That is by definition not an option.
    Yes it is, because I think XML will replace HTML. It already has gone a long way towards this, and it's like saying "HTML parsing on the client side is not an option by definition". That's why they are called standards. And even if there where always differences between netscape and M$, those can be resolved you know.

  8. #33
    SitePoint Guru BerislavLopac's Avatar
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    Quote Originally Posted by bonefry
    Yes it is, because I think XML will replace HTML. It already has gone a long way towards this, and it's like saying "HTML parsing on the client side is not an option by definition". That's why they are called standards. And even if there where always differences between netscape and M$, those can be resolved you know.
    I tend to agree with bonefry here. Ajax is all the rage right now, but people praising it seem to forget that it's best used in combination with XML/XSLT. I have used this technique five years ago to create a client-side application which called an SQLXML query though XMLHTTPRequest (the best concept Microsoft has ever released) and transformed the response by XSLT into a DOM tree which was if necessary (and usually wasn't) modified by JScript and placed into the display.

  9. #34
    throw me a bone ... now bonefry's Avatar
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    I don't need "debugging" to write my templates. The question, to me, is just plain irrelevant, but I could guess that isn't so to you if I'm to assume you've used XSL a lot and used to its complex quirks.
    Your not right about this. If you don't need debugging it only means that your interfaces you designed were very simple or you use PHP whenever things get complicated.

    I used Smarty in the past and I did worked with its debugging very often since I had very complex designs and I wanted to make no use of PHP. But its debugging facility was a simple javascript popup listing the variables. No F8 (jump to next instruction) facility. That's what I meant.

  10. #35
    throw me a bone ... now bonefry's Avatar
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    Say I'm using Smarty and do something like {include file="header.tpl"} - what's wrong with that?
    XSLT can pass parameters when doing a sub-template call. In Smarty or simillar, you can only do this from PHP (unless I am mistaking).

    But what you can't do in a normal Smarty like template engine is recursion.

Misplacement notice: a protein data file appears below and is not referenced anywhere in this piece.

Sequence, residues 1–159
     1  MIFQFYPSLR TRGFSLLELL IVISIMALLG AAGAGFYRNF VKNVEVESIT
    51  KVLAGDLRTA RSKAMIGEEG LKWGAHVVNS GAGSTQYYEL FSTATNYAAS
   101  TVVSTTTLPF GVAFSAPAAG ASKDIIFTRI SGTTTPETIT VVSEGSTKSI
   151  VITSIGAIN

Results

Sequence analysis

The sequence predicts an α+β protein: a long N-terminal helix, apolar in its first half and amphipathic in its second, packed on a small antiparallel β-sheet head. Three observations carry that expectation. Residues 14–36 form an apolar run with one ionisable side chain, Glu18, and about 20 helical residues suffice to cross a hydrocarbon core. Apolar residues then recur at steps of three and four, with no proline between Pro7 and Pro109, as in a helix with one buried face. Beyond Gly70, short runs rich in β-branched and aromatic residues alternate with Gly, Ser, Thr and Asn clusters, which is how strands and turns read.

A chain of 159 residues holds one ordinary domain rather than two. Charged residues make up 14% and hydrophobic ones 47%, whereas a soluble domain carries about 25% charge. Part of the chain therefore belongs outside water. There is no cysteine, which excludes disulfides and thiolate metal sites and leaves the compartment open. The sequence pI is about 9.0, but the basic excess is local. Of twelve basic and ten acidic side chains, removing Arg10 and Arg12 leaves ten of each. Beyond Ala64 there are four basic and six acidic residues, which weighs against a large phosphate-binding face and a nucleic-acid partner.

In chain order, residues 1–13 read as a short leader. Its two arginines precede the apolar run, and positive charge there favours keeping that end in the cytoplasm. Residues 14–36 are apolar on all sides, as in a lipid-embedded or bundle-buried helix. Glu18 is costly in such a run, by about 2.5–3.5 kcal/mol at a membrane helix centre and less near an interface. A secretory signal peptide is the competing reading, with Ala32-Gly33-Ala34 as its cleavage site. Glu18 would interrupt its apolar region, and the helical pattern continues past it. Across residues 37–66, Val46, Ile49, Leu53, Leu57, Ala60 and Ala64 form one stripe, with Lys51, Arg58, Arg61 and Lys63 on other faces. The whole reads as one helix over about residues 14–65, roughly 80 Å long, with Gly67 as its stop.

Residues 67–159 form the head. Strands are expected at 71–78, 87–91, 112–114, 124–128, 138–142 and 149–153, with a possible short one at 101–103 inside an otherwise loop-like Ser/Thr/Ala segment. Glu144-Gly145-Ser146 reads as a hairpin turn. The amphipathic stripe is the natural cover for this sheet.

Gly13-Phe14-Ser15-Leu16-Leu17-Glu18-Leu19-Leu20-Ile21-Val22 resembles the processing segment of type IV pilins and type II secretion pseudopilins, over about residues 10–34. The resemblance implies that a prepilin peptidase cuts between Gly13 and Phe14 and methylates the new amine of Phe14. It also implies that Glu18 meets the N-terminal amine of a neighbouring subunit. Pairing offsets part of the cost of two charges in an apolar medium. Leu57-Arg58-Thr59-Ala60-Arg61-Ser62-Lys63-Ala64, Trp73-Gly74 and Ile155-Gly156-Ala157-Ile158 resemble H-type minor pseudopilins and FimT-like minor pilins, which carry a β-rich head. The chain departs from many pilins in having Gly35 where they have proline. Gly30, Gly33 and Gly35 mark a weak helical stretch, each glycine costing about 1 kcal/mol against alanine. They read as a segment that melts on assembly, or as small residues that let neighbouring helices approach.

In XSL you can do recursion with sub-templates. And call other templates from you sub-templates and because of this experienced XSLT programmers use sub-templates instead of foreach statements. And one advantage is that it encourages code-reuse between different applications and not different pages.

  11. #36
    eschew sesquipedalians silver trophy sweatje's Avatar
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    Quote Originally Posted by bonefry
    But what you can't do in a normal Smarty like template engine is recursion.
    I recall years ago I wrote a page which displayed a node hierarchy, and it used Smarty as a template engine and used recursion to descend the hierarchy and display it.
    Jason Sweat ZCE - jsweat_php@yahoo.com
    Book: PHP Patterns
    Good Stuff: SimpleTest PHPUnit FireFox ADOdb YUI
    Detestable (adjective): software that isn't testable.

  12. #37
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    Bet the script and the template was a complete mess though Jason huh?

    +1 Jason for at least attempting something like that...

  13. #38
    SitePoint Addict been's Avatar
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    Quote Originally Posted by Ezku
    Say I'm using Smarty and do something like {include file="header.tpl"} - what's wrong with that?
    There's nothing really 'wrong' with it, but the issue I have with such an approach is that now the designer actually has to have a working PHP-with-Smarty infrastructure to actually see his design, if the infrastructure isn't there, bye bye wysiwyg.
    Furthermore, Smarty nor PHP are what I'd call web standards, I think a 2 step process would be a better approach:
    Design realm: let them use their tools, their standards, their conventions and produce (x)html, plain and simple.
    App dev realm: auto-compile the given (x)html to php native templates (the kind of template that's always being held up high by the folks who scream 'but php is already a template engine!' (myself included for a while I might add ) Anyway, this has been mentioned numerous times before, sorry for reiterating.

    On that note, has anybody experimented with 2 files for templates:
    1. The (x)html files, maintained by the design department
    2. Some mapping or binding file, maintained by the app dev department, which maps css selectors to references to dynamic data? This would cut out the need of having any special markup in the source template files. (Although splitting the knowledge over 2 files might not be a good idea).

    Anyway, I do have the strong feeling that it is utterly wrong to force our tools and standards upon the design realm that already has their own. That's enforcement, not integration.
    Per
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    works on a PowerPoint slide